We must remember that education is a public good in its own right. Independent schools must of course continue do their bit to retain charitable status but do we really want institutions that equip children with knowledge and skills to receive no better tax treatment than a commercial firm?

There is much more to do to open up opportunities to disadvantaged children. The expertise of fee-paying schools is a key tool in the fight and it would be disastrous to endanger this progress.

Schools, independent and state-funded, must work together, yet challenge each other, to shape better teaching. We must put prejudice aside and recognise the positive role that fee-paying education can play in creating a rising tide of social mobility that lifts all boats.

Adam Afriyie is Conservative MP for Windsor. He was shadow minister for science and innovation from 2007-10 and now chairs the Parliamentary Office of Science & Technology (POST) and the Parliamentary Space Committee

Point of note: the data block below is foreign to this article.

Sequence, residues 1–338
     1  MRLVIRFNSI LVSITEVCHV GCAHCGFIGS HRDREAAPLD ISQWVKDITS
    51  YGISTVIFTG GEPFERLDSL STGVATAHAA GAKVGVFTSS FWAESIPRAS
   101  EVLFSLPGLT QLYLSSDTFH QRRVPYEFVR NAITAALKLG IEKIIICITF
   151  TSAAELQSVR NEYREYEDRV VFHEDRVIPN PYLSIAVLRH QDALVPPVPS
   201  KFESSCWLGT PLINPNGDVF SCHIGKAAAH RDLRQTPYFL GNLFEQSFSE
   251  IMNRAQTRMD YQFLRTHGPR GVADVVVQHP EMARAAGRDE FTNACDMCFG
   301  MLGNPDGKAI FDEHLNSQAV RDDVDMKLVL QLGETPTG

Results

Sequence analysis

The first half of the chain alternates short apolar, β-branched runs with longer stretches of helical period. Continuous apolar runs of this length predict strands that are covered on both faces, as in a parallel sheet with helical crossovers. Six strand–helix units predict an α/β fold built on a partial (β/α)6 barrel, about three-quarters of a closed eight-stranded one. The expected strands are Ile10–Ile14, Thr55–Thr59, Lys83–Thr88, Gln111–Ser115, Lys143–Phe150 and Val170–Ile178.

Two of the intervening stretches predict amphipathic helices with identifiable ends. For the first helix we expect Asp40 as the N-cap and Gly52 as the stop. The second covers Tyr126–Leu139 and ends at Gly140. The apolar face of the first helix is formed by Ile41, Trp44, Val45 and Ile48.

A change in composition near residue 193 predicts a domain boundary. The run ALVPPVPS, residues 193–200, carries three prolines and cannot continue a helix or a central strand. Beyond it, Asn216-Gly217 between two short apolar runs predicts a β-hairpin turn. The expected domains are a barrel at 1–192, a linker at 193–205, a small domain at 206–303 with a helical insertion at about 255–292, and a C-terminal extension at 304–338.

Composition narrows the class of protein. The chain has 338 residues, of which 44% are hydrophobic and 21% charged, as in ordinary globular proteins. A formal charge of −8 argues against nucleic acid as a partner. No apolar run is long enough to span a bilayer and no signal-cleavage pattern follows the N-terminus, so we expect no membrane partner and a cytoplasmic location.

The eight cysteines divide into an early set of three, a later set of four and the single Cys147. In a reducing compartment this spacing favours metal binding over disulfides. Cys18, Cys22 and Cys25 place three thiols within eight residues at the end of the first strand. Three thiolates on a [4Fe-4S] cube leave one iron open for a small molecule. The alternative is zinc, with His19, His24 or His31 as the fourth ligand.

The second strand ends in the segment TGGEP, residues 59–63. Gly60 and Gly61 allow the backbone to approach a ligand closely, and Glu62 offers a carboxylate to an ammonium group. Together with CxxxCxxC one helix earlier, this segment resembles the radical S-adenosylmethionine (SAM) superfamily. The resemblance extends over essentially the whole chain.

Adam Afriyie is the Conservative MP for Windsor

Photo: Getty
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Scotland's vast deficit remains an obstacle to independence

Though the country's financial position has improved, independence would still risk severe austerity. 

For the SNP, the annual Scottish public spending figures bring good and bad news. The good news, such as it is, is that Scotland's deficit fell by £1.3bn in 2016/17. The bad news is that it remains £13.3bn or 8.3 per cent of GDP – three times the UK figure of 2.4 per cent (£46.2bn) and vastly higher than the white paper's worst case scenario of £5.5bn.